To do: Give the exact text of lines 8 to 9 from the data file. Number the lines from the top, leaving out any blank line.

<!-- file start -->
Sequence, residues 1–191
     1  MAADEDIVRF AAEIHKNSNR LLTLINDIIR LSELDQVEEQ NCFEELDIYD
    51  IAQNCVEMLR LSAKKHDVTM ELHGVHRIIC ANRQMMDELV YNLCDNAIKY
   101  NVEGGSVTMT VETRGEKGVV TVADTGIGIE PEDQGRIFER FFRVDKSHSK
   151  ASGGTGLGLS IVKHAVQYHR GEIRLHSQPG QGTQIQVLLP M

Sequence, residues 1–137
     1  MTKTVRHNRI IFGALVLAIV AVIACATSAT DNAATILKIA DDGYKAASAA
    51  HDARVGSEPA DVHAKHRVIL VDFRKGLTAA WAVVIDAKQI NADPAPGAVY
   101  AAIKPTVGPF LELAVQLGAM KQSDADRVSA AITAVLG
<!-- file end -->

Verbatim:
    51  HDARVGSEPA DVHAKHRVIL VDFRKGLTAA WAVVIDAKQI NADPAPGAVY
   101  AAIKPTVGPF LELAVQLGAM KQSDADRVSA AITAVLG